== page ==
With the recent introduction of Ontario’s new math curriculum, comes the inclusion of the strand social-emotional learning. According to Ministry of Education documents, this means teaching students the strategies to “develop confidence, cope with challenges and think critically.” Building mathematics confidence will help to overcome feelings such as confusion, frustration, anger and hopelessness that are common feelings encountered by students when doing math. Some students associate math with the fear of failure or displeasing their parents or teacher. All of these emotions and fears lead to the widespread phenomenon known as ‘math-anxiety’, which impacts the student’s ability to perform to the best of their ability.
Leading mathematics education experts Dr Calvin Irons and James Burnett, who developed ORIGO Education’s GO Maths and Stepping Stones, share their five tips to help parents alleviate and overcome their child’s anxiety with mathematics.
- Get your children talking about the mathematics they do at school and at home.
Show a genuine interest. Encourage them to use their own language to describe mathematical situations. Precise mathematical language will develop over time.
- Yes! The way we teach mathematics has changed, so do not create confusion for your children by showing them the way you learned mathematics.
Today’s approach fosters understanding of mathematics. Yesteryear’s approach relied on memorization of procedures, which we did not understand.
- Get them doing mathematics in their everyday lives.
- Prompt your young children to count in 2s, 5s, and eventually 10s.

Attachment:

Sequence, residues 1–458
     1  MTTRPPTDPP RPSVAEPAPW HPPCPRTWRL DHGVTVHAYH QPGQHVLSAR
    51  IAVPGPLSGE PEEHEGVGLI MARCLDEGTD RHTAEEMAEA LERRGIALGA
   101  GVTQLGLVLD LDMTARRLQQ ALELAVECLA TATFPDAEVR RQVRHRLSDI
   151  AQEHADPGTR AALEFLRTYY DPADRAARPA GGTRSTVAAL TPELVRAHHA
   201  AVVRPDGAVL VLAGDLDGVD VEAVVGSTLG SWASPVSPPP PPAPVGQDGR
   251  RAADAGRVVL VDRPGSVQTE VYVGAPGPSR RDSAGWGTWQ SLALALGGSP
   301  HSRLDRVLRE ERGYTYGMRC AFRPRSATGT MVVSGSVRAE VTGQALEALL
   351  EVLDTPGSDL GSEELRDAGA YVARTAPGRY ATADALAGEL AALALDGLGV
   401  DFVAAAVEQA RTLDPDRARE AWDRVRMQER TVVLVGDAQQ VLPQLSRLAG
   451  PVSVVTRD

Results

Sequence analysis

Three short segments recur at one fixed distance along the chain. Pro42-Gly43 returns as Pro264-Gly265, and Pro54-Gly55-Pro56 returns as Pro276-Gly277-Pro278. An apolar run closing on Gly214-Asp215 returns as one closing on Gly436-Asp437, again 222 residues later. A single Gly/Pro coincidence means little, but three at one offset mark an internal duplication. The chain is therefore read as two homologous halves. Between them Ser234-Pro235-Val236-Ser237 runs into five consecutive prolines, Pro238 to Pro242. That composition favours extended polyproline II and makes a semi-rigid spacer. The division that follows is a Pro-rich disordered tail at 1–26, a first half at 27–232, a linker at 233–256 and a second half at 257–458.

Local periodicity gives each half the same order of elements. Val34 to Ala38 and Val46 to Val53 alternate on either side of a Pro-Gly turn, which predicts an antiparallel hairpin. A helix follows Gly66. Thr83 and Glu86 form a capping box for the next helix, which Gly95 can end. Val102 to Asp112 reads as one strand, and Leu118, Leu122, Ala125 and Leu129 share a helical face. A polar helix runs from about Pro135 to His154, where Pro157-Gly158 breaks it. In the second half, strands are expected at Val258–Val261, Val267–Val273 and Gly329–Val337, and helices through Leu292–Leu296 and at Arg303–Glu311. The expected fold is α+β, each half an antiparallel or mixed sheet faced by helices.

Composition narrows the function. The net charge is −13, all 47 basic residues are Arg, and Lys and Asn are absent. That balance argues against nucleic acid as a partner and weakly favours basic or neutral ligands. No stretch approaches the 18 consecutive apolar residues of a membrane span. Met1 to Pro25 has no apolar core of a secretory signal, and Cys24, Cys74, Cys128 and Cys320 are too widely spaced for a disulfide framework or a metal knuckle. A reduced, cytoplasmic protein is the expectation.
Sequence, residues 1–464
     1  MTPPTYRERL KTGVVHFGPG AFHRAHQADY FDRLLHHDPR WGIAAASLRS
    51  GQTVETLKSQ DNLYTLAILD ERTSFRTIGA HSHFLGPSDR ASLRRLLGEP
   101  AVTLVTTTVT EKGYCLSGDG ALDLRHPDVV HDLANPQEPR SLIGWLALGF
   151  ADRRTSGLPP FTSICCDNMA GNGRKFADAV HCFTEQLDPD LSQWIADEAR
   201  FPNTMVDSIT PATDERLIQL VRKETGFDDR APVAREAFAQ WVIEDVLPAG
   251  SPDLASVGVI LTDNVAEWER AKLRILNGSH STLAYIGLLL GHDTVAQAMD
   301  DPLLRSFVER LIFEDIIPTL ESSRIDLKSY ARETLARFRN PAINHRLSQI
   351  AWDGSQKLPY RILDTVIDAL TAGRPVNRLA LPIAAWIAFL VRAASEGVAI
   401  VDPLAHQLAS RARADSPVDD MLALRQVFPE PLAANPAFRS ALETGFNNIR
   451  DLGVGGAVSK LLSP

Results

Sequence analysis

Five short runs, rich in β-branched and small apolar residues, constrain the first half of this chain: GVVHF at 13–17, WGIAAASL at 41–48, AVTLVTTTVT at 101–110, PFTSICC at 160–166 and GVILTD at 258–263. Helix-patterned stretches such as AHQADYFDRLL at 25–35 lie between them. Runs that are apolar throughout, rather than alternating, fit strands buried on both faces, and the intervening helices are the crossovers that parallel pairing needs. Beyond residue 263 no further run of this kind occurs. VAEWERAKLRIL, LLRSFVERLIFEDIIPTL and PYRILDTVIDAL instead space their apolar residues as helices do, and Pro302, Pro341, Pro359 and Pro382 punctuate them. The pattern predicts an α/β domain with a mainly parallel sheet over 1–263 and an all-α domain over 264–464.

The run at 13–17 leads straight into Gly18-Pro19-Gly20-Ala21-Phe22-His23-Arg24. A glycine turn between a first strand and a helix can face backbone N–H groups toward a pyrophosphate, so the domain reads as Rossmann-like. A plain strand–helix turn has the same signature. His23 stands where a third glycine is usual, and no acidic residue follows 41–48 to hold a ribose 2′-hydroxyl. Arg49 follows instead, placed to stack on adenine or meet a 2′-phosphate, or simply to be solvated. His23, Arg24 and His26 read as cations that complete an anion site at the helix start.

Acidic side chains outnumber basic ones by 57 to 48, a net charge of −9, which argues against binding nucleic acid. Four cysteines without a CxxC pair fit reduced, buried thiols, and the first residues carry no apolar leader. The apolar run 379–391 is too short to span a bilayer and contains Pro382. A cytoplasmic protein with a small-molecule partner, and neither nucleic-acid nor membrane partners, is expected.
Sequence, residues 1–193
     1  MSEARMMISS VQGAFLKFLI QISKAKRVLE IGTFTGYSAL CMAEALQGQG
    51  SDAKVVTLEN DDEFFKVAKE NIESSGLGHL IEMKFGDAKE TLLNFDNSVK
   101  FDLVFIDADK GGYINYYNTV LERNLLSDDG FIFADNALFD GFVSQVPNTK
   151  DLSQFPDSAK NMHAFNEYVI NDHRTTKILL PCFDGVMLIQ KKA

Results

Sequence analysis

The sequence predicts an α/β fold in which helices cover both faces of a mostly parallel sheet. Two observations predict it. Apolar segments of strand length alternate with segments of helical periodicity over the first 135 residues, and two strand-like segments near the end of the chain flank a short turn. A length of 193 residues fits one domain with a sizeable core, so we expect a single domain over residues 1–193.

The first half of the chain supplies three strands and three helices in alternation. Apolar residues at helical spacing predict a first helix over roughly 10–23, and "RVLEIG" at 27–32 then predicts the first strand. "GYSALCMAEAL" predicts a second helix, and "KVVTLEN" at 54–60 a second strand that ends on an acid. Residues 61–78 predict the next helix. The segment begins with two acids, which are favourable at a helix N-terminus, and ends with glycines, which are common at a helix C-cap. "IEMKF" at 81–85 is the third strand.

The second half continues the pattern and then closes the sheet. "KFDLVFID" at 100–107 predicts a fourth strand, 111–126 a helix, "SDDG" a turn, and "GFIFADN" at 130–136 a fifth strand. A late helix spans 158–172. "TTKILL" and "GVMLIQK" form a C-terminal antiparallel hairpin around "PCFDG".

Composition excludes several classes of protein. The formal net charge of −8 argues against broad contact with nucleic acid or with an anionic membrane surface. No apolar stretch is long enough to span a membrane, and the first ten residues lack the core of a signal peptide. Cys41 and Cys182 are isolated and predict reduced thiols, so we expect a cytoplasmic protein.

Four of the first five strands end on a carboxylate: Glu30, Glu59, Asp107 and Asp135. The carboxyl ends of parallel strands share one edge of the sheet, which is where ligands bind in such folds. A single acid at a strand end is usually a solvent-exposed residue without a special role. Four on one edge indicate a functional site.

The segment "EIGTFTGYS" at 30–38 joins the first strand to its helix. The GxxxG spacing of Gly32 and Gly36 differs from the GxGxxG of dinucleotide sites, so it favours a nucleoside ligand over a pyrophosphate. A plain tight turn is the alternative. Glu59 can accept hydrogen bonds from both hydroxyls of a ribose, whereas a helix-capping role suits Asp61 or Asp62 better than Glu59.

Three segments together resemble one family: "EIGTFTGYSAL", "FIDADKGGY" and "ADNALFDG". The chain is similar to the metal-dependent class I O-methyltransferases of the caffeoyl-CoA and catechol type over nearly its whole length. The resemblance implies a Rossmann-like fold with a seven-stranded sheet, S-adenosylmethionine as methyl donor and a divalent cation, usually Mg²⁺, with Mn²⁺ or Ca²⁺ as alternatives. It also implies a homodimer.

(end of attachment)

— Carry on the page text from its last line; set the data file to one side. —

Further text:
- Ask them to identify and describe patterns they might see.
- Look for and use real opportunities to have them calculate in their head. (e.g., What is the total cost? How many more do we need? About how much longer will it take?) Their answers are less important. It is more important to have them verbalise their thinking by asking, “How do you know?” or “How did you figure that out?”
- Be positive and foster their ability to “do” mathematics.
Praise your children with phrases such as:
- I like how you worked that out!
- That is very good thinking!
- I like how your brain works!
- Wow, you are very good at mathematics!
- I would never have thought to do it that way!
- Be a role model and foster a home environment that values mathematics.
Do say, “I liked working with numbers”.
Don’t say, “I was never any good at mathematics.”
No one ever admits, “I was never any good at reading/writing”, so we shouldn’t say it about mathematics.
And remember, it is important to use everyday language to teach key mathematical concepts rather than relying on the student’s ability to memorize rules.
ORIGO At Home is a space to provide guidance and instruction for continuing math learning at home. With a minimum of 14 topics per grade level, you will find resources and activities to help provide engaging mathematical thinking and practice.
Check it out today; it’s FREE! https://www.origoeducation.ca/athome/